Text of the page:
Problem is that seed oils are widespread in everything NOT cooked at home (yes, even Whole Foods hot bar and nearly every non-Michelin-rated restaurant you eat it) because they are the most economical means of producing food fast with long shelf life in any setting (fast food, diners, even "fine dining," etc), and they are touted as healthy because the fats aren't saturated (we're not here to debate). Point is (I'll say it twice): they are nearly pure omega-6 and by ingesting them, you are firing up inflammation in your body, and no amount of exercise/sleep/supplements will balance it as long as you do this. The ratios are just too great (you're dealing with manufactured oils, here, not stuff occurring in nature).

If you insist on sticking to unsaturated fats/oils recommend:
  • coconut
  • olive (careful, look up olive oil industry practices on spiking with seed oils; good practice is to see if they list exactly what olive species they use)
  • avocado
Otherwise, butter/ghee/beef tallow/duck fat/other animal fats etc should be fine if you're not concerned about saturated fats/cholesterol.

Making this switch was a GAMECHANGER.

Finally, if you're looking for a specific brand of fish oil supps (also huge ROI), DM me since I don't know if I'm allowed to do that in a thread. Reason I mention this is that there are studies showing 3-4g of EPA/DHA (yes GRAMS, not milligrams) have profound positive effects on depression, and this has been my experience since I've started ordering "pharma grade" from Norway (it's more expensive anything you'll find on physical store shelves in US, but worth it IMO). Also, eat more wild fish.

Just my two cents.
 

Wills

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First I gotta say my perspectives here are not R.E. debilitating clinical depression, but more around getting yourself out of a funk/existential crisis/sustained shitty period in your life.

@CCarter is right about simplification and spending face to face time with good people. I'm looking back to when I was consistently happiest and it was before I started working as a freelancer/agency from my house. I'd just had my daughter, we were living in a small apartment with very little stuff in Santiago, Chile, I was making under $1000 per month at a so-so job with lots of great coworkers. I biked to work half the time, worked out before work or at lunch most days, talked to fun people, left work at work, and enjoyed time with my family.

I've since made much more money, have more stuff, still exercise but no bike commute, am more isolated during the day due to mostly working from home, have work/home life mix into each other all the time and haven't felt consistently as good as I did back then. I have some work to do here.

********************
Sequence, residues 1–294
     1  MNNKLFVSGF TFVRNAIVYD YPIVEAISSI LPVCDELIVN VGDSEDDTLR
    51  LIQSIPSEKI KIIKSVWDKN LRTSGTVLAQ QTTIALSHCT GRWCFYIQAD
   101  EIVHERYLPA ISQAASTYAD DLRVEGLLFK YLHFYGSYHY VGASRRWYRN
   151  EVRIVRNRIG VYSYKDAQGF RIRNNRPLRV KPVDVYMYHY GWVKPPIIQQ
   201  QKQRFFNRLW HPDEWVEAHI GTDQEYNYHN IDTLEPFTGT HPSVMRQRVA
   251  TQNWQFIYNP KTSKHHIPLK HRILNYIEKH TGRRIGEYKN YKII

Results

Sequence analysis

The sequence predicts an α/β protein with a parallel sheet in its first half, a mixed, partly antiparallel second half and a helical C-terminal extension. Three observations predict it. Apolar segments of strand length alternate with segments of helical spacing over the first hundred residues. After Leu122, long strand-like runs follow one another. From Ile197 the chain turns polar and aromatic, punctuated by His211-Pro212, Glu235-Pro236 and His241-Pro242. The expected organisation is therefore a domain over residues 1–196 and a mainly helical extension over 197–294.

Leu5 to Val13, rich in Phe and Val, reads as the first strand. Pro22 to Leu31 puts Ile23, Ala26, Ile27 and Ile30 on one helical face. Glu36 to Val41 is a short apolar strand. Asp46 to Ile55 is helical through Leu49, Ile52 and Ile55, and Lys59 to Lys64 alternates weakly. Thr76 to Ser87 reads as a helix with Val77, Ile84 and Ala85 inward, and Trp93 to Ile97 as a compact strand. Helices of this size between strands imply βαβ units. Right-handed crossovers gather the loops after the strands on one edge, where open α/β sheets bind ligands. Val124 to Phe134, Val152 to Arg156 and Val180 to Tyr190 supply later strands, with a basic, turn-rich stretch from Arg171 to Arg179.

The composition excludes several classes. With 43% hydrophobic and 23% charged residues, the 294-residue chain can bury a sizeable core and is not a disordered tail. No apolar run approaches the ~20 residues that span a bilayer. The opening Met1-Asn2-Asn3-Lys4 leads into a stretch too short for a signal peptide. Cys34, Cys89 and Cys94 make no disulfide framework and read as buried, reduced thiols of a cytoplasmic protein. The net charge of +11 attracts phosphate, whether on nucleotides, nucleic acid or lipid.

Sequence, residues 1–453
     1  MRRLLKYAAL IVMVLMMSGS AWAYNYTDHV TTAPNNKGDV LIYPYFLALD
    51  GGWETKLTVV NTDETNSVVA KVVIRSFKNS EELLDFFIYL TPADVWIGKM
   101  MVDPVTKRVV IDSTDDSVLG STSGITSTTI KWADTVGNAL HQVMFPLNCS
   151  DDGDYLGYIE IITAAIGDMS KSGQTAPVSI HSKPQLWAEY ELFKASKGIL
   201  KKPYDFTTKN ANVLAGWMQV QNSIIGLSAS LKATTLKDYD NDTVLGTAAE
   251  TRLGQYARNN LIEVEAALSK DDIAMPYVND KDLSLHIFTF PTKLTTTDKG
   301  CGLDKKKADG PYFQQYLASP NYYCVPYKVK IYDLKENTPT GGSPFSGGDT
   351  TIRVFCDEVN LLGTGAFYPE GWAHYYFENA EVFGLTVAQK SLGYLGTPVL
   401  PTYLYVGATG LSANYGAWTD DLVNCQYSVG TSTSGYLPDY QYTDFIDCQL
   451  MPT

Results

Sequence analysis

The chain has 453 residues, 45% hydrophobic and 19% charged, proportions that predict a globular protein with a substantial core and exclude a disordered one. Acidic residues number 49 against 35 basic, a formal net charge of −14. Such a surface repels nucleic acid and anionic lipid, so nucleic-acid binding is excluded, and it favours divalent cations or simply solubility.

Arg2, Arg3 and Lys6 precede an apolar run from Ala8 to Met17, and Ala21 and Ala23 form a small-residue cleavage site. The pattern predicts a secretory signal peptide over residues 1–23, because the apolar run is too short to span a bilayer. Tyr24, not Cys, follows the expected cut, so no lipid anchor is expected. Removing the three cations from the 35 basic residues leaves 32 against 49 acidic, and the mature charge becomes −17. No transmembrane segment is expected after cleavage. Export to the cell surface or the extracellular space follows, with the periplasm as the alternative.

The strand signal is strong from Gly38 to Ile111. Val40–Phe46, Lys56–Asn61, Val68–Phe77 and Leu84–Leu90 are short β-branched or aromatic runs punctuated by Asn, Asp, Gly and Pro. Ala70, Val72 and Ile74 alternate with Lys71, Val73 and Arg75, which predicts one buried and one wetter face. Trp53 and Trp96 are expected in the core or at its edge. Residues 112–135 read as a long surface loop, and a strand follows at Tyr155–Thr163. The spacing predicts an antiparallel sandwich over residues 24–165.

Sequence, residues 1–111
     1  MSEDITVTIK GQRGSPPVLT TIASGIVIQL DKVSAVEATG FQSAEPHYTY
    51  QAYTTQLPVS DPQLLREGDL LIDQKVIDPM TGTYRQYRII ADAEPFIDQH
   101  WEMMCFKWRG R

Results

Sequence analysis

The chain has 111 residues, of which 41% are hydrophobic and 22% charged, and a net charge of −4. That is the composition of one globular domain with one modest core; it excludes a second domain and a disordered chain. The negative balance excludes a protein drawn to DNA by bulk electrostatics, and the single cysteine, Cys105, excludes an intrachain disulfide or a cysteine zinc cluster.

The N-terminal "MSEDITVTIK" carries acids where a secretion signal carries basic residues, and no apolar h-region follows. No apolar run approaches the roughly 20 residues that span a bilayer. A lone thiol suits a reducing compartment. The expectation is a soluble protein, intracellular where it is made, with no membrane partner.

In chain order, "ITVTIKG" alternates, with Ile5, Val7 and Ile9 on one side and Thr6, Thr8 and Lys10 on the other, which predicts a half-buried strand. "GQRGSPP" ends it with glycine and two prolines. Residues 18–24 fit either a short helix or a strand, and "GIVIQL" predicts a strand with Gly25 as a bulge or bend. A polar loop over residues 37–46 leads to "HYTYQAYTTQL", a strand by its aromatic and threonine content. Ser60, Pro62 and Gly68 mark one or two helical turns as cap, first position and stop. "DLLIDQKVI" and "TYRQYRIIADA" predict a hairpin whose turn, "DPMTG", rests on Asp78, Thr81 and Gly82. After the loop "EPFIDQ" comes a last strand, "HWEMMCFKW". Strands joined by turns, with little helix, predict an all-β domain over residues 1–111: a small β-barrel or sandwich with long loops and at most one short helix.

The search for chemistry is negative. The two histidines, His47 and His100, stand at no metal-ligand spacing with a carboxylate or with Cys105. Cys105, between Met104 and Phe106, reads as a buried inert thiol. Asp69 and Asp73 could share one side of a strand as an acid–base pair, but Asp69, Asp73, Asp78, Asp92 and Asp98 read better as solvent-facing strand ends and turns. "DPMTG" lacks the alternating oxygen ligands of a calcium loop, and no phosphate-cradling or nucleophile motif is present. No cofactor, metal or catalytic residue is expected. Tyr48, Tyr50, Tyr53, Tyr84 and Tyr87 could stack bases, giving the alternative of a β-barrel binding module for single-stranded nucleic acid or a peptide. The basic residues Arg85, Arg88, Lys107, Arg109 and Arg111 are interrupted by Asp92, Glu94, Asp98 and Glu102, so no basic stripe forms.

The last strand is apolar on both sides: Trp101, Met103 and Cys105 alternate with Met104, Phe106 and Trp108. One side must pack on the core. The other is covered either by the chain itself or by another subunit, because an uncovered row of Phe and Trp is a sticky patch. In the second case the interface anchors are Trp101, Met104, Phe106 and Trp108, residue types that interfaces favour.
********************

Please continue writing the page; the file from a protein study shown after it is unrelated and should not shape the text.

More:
That being said, I have my own perspective and experience with some other things people have mentioned in this thread.

As @eliquid mentioned, self-talk is critical. I don't have it all figured out when it comes to my self talk about my ability to run my business and make money, but I've made huge gains when it comes to physical pain.

I had constant, chronic lower back pain for 12 years (ages 18-30), including frequent spasms and constant lower level pain, a hospital visit when I tweaked my back and literally couldn't move my legs for over an hour (at age 21), and an MRI and visit with a surgeon who told me I had no fluid in my lower discs and my lower back looked like that of a 50 year old (at age 19 or 20). The surgeon also told me to stay away from surgery as it rarely ended the pain people felt.

After over a decade, trying lots of different physical methodologies, supplements, braces, etc, with always temporary improvement and relapse, I happened across a book called Healing Back Pain by John Sarno. I read it and 2 books by his patients (all at the same time), and within 2 weeks my chronic lower back pain was gone. 4+ years later, I've had a few short relapses that lasted a couple of days until I remembered to get my shit together, but no more chronic pain.

What changed? Primarily my beliefs and self talk. I realized that with every spasm and bout of pain, I would say things like "why is this happening to me?," "if things are this bad now, how are they going to be when I'm 40?," "how am I going to play with my kids when I can't even bend over?" "I'm like an old man," and on and on. I also had been taking ownership of the pain mentally, like it was my pain. I changed all of this while I read these books.

I was ready for this shift because I had tried so many things and seen them fail. I knew there was something I was missing about this pain. When I found Sarno, I adopted the beliefs 100%, changed my self talk, decided there was no reason I should be in pain, did exercises he recommended to help, and almost like magic, the pain disappeared.

I now need to apply this to the business/financial side of my life. I just finished reading a book called The Miracle Equation by Hal Elrod. I highly recommend it to you where you're at, as it gives an actionable framework for daily progress towards making anything you want to happen in your life a reality.

His equation is simple. Unwavering Faith + Extraordinary Effort = Miracles.

By Unwavering Faith he means faith in yourself, every day, no matter your results or how you feel that given day.